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January 06, 2023
January 19, 2018
Getting a puppy is exciting and rewarding, but it can come with a few sacrifices, one of which might be your favorite pair of shoes if you’re not careful. Puppy chewing is so common, but you don’t have to resign yourself to years of gnawed-on furniture and lost footwear.
They do it for the same reasons human babies chew: teething and exploration. Chewing helps the teeth come through and makes their gums feel better; meanwhile, putting things in their mouths is how they get to know the world.
Of course, your dog will continue to chew as he grows up. That’s just part of being a dog! However, if you don’t keep an eye on his habits and train him appropriately, he could turn into a dog who chews on whatever he can find to help him deal with fear, separation anxiety, or boredom.
This is often inconvenient and expensive if you’re replacing your beloved items, but it can also be dangerous for your dog if he gets a hold of an electrical cord or if he swallows something that damages his insides or can’t pass through.
There are several steps you can take to teach your puppy to chew on rawhide bones and toys but not on your furniture, clothing, and other objects.
Pet MD recommends puppy-proofing your home: if you don’t want your dog to chew on it, put it where she can’t find it! Obviously, you can’t hide everything, but you can take care to close the closet or bedroom doors so some of the most tempting items are out of sight.
Properly crate-training your dog, or confining her to a smaller space by using a gate to close off a room where she has access to her own toys, can help.
If possible, monitor your dog, and when you see her pick up something she’s not supposed to have, take it away and replace it with something she is allowed to chew.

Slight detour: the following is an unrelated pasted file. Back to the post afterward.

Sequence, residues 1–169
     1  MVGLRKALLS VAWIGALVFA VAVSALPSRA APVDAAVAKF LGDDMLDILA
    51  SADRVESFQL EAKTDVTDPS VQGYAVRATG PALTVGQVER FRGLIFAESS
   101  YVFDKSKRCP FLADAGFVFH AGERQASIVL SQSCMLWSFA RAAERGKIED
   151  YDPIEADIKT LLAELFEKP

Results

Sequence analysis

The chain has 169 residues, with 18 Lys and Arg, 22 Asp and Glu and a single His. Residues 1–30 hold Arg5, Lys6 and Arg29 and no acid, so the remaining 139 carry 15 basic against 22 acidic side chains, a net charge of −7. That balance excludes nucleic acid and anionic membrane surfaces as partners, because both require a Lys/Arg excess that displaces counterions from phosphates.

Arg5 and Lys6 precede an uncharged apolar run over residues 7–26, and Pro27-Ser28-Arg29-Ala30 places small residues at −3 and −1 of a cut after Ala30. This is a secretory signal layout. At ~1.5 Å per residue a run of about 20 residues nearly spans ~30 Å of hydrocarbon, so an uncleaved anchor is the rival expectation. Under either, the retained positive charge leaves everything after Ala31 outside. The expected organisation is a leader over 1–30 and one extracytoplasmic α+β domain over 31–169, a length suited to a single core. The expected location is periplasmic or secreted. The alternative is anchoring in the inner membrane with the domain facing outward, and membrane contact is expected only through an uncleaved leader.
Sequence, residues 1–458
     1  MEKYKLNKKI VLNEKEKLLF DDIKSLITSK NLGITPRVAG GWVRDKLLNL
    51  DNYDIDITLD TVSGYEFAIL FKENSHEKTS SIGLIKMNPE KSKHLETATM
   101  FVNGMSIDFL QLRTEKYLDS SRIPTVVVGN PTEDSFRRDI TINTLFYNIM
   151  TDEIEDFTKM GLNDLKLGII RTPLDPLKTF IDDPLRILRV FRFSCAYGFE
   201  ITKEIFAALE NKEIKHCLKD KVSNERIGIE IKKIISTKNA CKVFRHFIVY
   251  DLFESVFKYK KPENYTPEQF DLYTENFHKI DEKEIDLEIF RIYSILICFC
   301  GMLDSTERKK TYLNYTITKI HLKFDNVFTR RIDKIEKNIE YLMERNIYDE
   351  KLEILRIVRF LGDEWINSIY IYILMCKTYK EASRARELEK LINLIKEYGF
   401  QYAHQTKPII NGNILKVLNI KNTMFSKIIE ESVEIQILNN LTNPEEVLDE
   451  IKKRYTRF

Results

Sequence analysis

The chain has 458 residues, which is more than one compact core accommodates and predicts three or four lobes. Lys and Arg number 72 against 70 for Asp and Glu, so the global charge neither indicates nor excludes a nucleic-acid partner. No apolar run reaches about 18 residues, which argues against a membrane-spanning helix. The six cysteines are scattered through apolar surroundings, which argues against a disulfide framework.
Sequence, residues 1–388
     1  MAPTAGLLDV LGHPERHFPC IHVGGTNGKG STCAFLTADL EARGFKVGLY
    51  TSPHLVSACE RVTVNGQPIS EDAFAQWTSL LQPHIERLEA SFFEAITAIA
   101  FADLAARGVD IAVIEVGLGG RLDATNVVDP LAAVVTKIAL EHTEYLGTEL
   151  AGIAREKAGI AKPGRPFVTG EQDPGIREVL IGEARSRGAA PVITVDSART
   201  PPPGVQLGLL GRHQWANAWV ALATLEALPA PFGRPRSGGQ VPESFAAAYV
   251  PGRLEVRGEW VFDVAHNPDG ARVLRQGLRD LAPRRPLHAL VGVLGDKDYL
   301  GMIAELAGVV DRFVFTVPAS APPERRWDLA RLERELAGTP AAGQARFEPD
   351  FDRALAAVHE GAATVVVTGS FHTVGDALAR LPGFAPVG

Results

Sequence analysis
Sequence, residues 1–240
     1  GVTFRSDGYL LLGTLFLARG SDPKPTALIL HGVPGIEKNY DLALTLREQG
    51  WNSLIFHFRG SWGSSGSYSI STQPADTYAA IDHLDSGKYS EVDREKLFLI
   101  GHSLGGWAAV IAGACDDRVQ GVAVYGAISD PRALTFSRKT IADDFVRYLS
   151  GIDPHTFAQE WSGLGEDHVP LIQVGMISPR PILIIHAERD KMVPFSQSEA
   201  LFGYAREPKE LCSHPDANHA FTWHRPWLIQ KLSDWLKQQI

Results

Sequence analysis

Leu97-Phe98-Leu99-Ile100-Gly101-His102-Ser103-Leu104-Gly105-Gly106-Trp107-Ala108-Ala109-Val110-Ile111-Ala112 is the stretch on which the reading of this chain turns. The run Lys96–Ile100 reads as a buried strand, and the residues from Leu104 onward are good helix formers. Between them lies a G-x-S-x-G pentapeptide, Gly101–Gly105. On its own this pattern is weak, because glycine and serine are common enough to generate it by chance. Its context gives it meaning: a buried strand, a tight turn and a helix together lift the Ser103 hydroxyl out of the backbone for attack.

A tired dog is a good dog! Sometimes, a dog chews because of stress, boredom, or pent-up energy. By giving him plenty of exercise, he’ll be more inclined to take it easy at home:
“Exercise also produces endorphins, which have a calming effect. In fact, it is these endorphins that are stimulated by chewing, so if your dog is not getting enough exercise, he may unconsciously be seeking to replace needed endorphins by releasing pent-up energy through chewing.”
The American Society for the Prevention of Cruelty to Animals (ASPCA) recommends a variety of chew toys and edible chews like pig ears and rawhide bones, and suggests rotating them or offering new ones occasionally to keep it interesting. A puzzle toy with a treat inside can keep her entertained for a while! If you have an aggressive chewer, take care when choosing toys. Some can easily be torn apart, and you don’t want your dog to swallow any small pieces.
It’s also important to choose toys that don’t resemble your household items. It’s hardly fair to give your dog an old shoe to destroy, then scold her when she finds one of your new ones.
If your dog insists on grabbing what isn’t his, try spraying a chew deterrent on the object. This article suggests Bitter Apple Spray. ASPCA suggests using the spray on a cloth and putting it right in your dog’s mouth. He will likely spit it out if he doesn’t like it, and hopefully from then on he will associate that smell with something he doesn’t want in his mouth! Spray it on the objects you’d like him to leave alone.
ASPCA and the Humane Society both point out that your dog can’t make the connection between a punishment and a past behavior. Punishment or scolding after the fact is unlikely to stop the chewing, and it could make your dog act out in other ways. Instead, stay consistent with the tips mentioned here to keep your dog happily chewing on appropriate toys while your items stay safe!